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A thyroid scan is a procedure used to evaluate the health of your thyroid gland. The scan takes advantage of the thyroids ability to collect radioactive substances. During a scan, a special camera takes pictures of your thyroid after you have been given a radioactive substance.
The thyroid gland is located in the front of the neck, below the Adams apple. It is made up of two roundish lobes, which are connected by a middle part. It is about two inches across and is shaped like a butterfly. The thyroid controls many body functions including heartbeat, blood pressure, and body temperature. It is also responsible for childhood growth and metabolism. Metabolism refers to how your body turns food into energy.
A thyroid scan is usually ordered when laboratory tests or a neck examination suggest that the thyroid is enlarged. A scan can:
- Test how well the thyroid is working
- Diagnose abnormalities
- Determine if there are lumps, called nodules, on the thyroid
- Help determine the cause of an overactive thyroid
- Check if known thyroid cancer has spread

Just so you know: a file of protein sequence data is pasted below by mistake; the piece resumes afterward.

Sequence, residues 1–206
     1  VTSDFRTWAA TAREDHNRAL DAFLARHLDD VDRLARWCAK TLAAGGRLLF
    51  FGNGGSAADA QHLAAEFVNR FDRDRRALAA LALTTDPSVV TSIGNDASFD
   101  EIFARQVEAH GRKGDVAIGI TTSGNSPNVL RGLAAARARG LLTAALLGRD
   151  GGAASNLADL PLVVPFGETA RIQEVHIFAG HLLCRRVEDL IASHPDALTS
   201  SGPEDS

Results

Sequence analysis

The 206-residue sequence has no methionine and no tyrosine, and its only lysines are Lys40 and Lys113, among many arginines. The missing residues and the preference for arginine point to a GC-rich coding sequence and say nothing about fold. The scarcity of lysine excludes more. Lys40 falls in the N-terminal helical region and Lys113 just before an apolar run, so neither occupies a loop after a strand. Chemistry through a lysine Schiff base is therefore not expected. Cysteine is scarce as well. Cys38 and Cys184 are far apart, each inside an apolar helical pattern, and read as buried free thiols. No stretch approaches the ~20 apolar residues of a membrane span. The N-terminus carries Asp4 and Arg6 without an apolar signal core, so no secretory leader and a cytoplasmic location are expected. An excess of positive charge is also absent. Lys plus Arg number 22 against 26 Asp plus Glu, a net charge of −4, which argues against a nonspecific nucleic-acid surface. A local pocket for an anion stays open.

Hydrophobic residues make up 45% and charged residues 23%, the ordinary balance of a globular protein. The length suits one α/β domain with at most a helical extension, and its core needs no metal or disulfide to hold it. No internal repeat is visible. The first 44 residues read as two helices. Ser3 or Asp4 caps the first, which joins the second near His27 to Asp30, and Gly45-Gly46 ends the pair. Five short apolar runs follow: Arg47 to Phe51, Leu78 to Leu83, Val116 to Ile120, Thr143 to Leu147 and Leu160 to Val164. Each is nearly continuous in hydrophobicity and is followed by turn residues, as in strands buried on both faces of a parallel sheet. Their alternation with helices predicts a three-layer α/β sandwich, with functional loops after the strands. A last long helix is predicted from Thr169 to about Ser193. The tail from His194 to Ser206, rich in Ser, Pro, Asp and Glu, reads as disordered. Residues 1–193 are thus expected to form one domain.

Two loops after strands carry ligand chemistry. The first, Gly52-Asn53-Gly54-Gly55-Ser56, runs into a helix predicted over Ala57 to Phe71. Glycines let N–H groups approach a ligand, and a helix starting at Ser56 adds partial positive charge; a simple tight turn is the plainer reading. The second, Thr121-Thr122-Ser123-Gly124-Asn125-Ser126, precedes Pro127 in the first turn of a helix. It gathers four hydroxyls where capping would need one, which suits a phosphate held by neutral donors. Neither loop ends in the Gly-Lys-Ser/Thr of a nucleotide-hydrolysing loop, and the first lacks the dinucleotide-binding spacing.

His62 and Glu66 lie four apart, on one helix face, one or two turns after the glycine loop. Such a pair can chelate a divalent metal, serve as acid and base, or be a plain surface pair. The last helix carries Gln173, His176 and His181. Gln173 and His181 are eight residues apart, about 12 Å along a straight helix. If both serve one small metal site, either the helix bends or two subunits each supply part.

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Risk Factors for Complications During the Procedure Thyroid scans are associated with very few risks. Tell your doctor if you: Have an allergy to any medicationsAre (or might be) pregnant or breastfeeding, because the test could expose the baby to radiationTake any medications on a regular basis, as some can interfere with test results If you recently had any x-rays or other thyroid tests What to Expect Prior to ProcedureFor a period of time before the scan, you may be asked to avoid certain food or medications that can interfere with the results (like thyroid medications and shellfish).Jewelry, dentures, and other metallic objects will be removed.You may be asked not to eat or drink anything after midnight on the day before the test.Your doctor may order some tests to measure the amount of thyroid hormone in your blood. AnesthesiaNo anesthesia is necessary. Description of the ProcedureThe procedure is performed by a trained technician in the radiology department of a hospital. You will be given a radioactive substance, which is either injected into a vein or given in the form of a liquid or a pill. Once the substance has had time to collect in the thyroid, the scan begins. You will lie on your back with your head tilted back. You will be asked to lie very still at certain times. The technician will use a scanner to take pictures of your thyroid from different angles. The camera is not an x-ray and does not expose you to more radiation.